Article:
SoftBank sparked headlines in the technology world this week as the tech giant prepares to invest $1 billion into online sports apparel company Fanatics, according to The Wall Street Journal. It’s a peculiar investment for SoftBank and its Vision Fund, which typically focuses on more traditional tech companies like Boston Dynamics, Nvidia, or OneWeb.
But it highlights how Fanatics, now valued at $4.5 billion, has caught the attention of big-name investors with its formidable e-commerce engine that pairs high-speed manufacturing with crucial sports league licensing deals — a formula that one Seattle startup is also using on its own pathway to success.
Founded in 2009, Strideline has built a robust business that sells high-quality sports socks with unique designs featuring city skylines, 250-plus NCAA team logos, and more.
But now the company, started by University of Washington fraternity brothers and lifelong friends Riley Goodman and Jake Director, is taking it up another notch.
Strideline just inked a licensing deal with the NFL Players Association, allowing the startup to create socks with NFL player names and photos.
It’s the result of nearly two years of meetings between the NFLPA and Strideline, which will roll out a new line next week featuring star Seahawks players who will receive royalties on sales of socks with their likeness.
Goodman told GeekWire that the company had to give a presentation to Fanatics executives to acquire NFL player licensing rights. That’s because the NFLPA now handles licensing agreements through Fanatics, which is a league partner. The NFL is also an investor in Fanatics.
“The reason we got this license is because of our speed-to-market model,” Goodman said. “It goes along with all the initiatives Fanatics is trying to do as it evolves in a rapidly-changing market and competes with Amazon.”
Fanatics has been around for more than two decades, but recently it implemented new manufacturing processes that allow the company to quickly produce and ship products on-demand from its own factories. It’s a production method, which some refer to as “just-in-time,” that fits the demand of today’s consumer and utilizes new technology.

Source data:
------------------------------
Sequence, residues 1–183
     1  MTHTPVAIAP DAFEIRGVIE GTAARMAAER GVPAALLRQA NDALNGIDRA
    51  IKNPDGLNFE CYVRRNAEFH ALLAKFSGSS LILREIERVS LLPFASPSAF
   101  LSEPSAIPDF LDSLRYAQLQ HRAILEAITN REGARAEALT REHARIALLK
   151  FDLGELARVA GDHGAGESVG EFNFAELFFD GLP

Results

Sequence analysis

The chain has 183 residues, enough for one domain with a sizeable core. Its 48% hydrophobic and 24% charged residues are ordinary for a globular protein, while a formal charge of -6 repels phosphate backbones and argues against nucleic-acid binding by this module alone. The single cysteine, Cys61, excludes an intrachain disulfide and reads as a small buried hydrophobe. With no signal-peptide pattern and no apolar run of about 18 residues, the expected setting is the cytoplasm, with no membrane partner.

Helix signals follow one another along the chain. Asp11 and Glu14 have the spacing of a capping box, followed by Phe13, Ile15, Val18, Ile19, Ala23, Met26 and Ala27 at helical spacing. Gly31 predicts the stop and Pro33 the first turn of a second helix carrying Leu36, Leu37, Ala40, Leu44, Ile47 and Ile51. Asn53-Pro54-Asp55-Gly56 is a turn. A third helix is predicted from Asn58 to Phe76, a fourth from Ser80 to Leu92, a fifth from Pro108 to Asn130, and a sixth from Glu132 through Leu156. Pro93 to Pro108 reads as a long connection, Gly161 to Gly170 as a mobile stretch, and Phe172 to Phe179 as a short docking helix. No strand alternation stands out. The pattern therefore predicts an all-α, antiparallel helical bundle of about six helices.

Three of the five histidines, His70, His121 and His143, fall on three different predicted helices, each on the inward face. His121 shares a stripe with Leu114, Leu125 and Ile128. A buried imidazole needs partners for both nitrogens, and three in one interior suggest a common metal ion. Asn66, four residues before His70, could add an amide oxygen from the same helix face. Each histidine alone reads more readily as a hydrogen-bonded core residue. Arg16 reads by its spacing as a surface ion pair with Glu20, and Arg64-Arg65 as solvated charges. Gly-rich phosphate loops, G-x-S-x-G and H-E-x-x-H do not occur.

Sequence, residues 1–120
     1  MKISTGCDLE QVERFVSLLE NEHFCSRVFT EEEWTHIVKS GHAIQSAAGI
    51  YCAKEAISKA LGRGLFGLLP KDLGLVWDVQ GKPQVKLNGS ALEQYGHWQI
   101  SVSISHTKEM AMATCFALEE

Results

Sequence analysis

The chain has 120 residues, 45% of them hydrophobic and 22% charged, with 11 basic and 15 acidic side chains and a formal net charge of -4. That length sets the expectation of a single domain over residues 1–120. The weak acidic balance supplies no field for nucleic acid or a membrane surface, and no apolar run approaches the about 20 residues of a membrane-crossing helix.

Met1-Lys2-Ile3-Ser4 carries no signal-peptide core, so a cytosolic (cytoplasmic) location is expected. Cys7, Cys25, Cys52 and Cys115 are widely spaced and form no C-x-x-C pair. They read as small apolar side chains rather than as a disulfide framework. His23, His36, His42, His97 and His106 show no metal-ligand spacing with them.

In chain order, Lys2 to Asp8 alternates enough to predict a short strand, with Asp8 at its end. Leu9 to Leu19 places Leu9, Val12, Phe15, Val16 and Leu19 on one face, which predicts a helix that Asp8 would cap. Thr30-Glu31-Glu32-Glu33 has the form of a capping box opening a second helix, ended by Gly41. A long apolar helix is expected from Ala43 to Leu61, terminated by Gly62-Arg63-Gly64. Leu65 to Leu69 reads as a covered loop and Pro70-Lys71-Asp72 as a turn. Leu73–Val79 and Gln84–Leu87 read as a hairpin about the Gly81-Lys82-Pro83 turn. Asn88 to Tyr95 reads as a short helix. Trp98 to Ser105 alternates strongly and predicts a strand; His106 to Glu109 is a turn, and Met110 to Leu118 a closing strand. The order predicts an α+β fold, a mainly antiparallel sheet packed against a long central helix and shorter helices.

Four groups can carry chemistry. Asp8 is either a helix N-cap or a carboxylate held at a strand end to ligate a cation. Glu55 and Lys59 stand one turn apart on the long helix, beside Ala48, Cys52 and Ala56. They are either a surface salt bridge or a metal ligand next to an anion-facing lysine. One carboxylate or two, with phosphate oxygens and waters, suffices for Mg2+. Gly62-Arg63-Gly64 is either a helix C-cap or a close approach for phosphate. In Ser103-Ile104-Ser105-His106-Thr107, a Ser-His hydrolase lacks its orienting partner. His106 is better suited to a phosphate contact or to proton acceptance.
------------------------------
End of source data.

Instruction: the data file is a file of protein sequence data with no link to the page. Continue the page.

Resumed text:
Strideline, which sold more than two million pairs of socks in the last year, follows a similar supply chain strategy. The company learned over the years that it was difficult to forecast what products would sell, particularly in the sports industry, and inventory levels were hard to manage with maximum efficiency.
“We started piloting programs built all around speed,” said Director, who was born six hours apart from Goodman in the same hospital.
Now Strideline owns its own factory overseas and creates socks when orders come in — it has little-to-no inventory — and can ship the product to a customer’s door within 3-to-5 days. It applies the same methodology for larger orders, and can deliver a batch of 30,000 pairs in just over a week.
“We really believe the future of retail and especially the future of apparel will be built on super high speed and high-quality products,” Director said. “That’s the system we are looking to build.”
Director said that if a retailer like Nordstrom wants to buy 50,000 pairs of socks from a company like Nike, it could take nine months for the order to ultimately arrive.
“The retailers that survive are the ones who can rapidly adapt to consumer demands,” he explained. “While they work hard to do it, the bigger companies aren’t capable of what we can do. The quality of our product and relationship with the customer will allow us to win in the long term.”
Speed is certainly a common trait among some of today’s most successful startups, whether it be in online apparel or cloud technology. Speaking in Seattle earlier this year, LinkedIn co-founder Reid Hoffman said that “there is no modern Silicon Valley company that doesn’t actually, in fact, have kind of these speed genetics built in.”
Speed is now embedded in the DNA of Strideline.
“Ultimately our plan is to be the fastest No. 1 athletic apparel company on Earth,” Goodman said.
Strideline is similar to Fanatics given its new NFL licensing deal, which expands the startup’s potential customer base exponentially, on top of its existing NCAA licensing rights.
Fanatics expects to generate $2.2 billion in revenue this year, The Wall Street Journal reported, with about 75 percent of that coming from direct-to-consumer sales online.
Strideline, which has doubled annual sales for the past five years, said it only has 5 percent of revenue from direct-to-consumer purchases through its website. It expects that number to grow with the NFL licensing deal, and particularly as the company improves manufacturing capabilities and speeds up shipping time. Strideline is also seeing growth with custom sock orders from corporate customers and will continue sending product to its big-box retail partners like Nordstrom, Costco, Lids, Rally House, Big 5, and others.
Strideline, which is bootstrapped, employs 30 people at its Eastlake headquarters in Seattle but expects to grow to as many as 50 employees by mid-2018. It also plans to expand beyond socks.